Zoes_Human I miss usenet sometimes. I made some friends in the Stephen King group I was in. I was also in another group, its name eludes me, but SPATULA! was our battle cry and it was entirely dedicated to talking nonsense. Every once in a while, someone would come in to troll and try to start a flame war there. It was a hilarious waste of their time. We would all just reply “SPATULA!“ in response. 😊 2mo
effani @Zoes_Human I love that. SPATULA! 2mo
2 likes2 comments
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effani
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I guess I'm in the mood for lighthearted, fun nonfiction right now. I grabbed this from the library yesterday and started it as soon as I had finished Spook.

review
effani
Pickpick

I don't think this is Mary Roach's best book, but that's a high bar. This one, like all the others, is laugh-out-loud funny and full of great “hey didja know“ moments to annoy everyone around you with.

review
effani
Gender Outlaws: The Next Generation | Kate Bornstein, S. Bear Bergman
Mehso-so

I'm not exactly sure what I wanted from this book, but for the most part I didn't find it. Some of the essays were great but most were not for me. Overall the book felt very dated, even less than 10 years after publication - this stuff has moved really fast. (And, it turns out, publishing your chat logs was a passing fad that, in my opinion, didn't read well at the time and definitely hasn't aged well.)

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effani

I'm appreciating that you can see the seeds of some of Mary Roach's later books on this one, as well as how this one evolved from Stiff. There's more discussion of digestion and the products thereof than I expected in a book about the afterlife, and that line of thinking clearly evolved into Gulp. I haven't read Bonk yet, but there's one passage in this one so far that would probably fit nicely there as well.

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effani

I may have to get hold of a physical copy of this book at some point, because the kindle edition has a bunch of pages that just say “Images in this book are not displayed owing to permissive issues.“ Weird phrasing and also a bummer.

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effani

I'm traveling this week, and I find Mary Roach's books are perfect for work travel. They're fun and engrossing (emphasis on the GROSS, although this one possibly less than some of her others), easy to read but not such page-turners that they keep me up too late reading and leave me groggy and sleep-deprived the next morning. I know that sounds like a backhanded compliment, but I honestly mean it as a sincere compliment.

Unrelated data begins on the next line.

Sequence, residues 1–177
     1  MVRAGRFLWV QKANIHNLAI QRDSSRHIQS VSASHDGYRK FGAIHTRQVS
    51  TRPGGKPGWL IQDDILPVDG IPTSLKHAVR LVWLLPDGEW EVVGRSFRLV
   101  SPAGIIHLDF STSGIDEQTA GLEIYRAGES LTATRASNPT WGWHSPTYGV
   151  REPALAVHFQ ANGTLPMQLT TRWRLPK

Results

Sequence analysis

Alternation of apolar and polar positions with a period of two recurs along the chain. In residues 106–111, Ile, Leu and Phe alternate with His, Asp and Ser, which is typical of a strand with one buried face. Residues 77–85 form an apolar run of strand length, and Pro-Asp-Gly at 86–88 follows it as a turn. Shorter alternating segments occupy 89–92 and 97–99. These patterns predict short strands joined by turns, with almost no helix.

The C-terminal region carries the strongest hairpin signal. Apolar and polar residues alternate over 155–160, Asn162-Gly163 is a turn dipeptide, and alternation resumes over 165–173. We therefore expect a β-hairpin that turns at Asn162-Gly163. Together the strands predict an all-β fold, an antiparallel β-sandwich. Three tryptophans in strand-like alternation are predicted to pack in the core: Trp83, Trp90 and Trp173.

review
effani
Signal to Noise | Silvia Moreno-Garcia
Pickpick

Based on the first half, I wasn't expecting to like this book as well as I did. I'm not really into teenage angst or name-dropping of musical artists and songs, and this book has both in spades. But for all that, I ended up enjoying it. I found Meche all too relatable as a character, and I appreciated how the two interlocking timelines worked together to show her personal growth.

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effani
Signal to Noise | Silvia Moreno-Garcia

There's a reviewer on goodreads who said he wanted to read a book set in Mexico but "very little attention was paid to the setting." I hope he also gets mad when he reads books set in New York and the characters don't spend all their time going to Broadway plays and visiting the Statue of Liberty.

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effani
Signal to Noise | Silvia Moreno-Garcia

Starting a new book. I'm a little nervous about this one because the marketing seems to position it as a sort of fantasy High Fidelity, and I hated High Fidelity (the movie; I didn't subject myself to the book). But friends have told me I'd like this one, so I'm trying to put aside my immediate reaction.

Merethebookgal I didn‘t really care for it, but it‘s worth giving a shot 3mo
5 likes1 comment
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effani
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Rereading an old favorite for the holiday weekend. I love Rachel Pollack's writing.

review
effani
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Pickpick

There aren't many surprises here if you've followed the topic at all, but the book was well written and the author has a unique and important perspective. I thought the audio version was well done as well.

BarbaraTheBibliophage I really liked this one! 2mo
5 likes1 comment
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effani
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So how do people make those cool cover collages? Here are all the books I finished in August, but I already turned the tagged book back in to the library, and this wouldn't work if I'd read more than one ebook in the month, as I normally do. #AugustWrapUp #AugustReads #monthlyWrapUp

effani On the other hand, I guess if I still had All You Can Ever Know, it would break the theme of dragons/serpents on the cover that I have going in this picture. 3mo
5 likes1 comment
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effani
The True Queen | Zen Cho
Pickpick

This was enjoyable, if a bit more predictable than I would have liked. I wish I had reread the previous book after all. Still, quite entertaining, and I'll look forward to when more books in the series come out.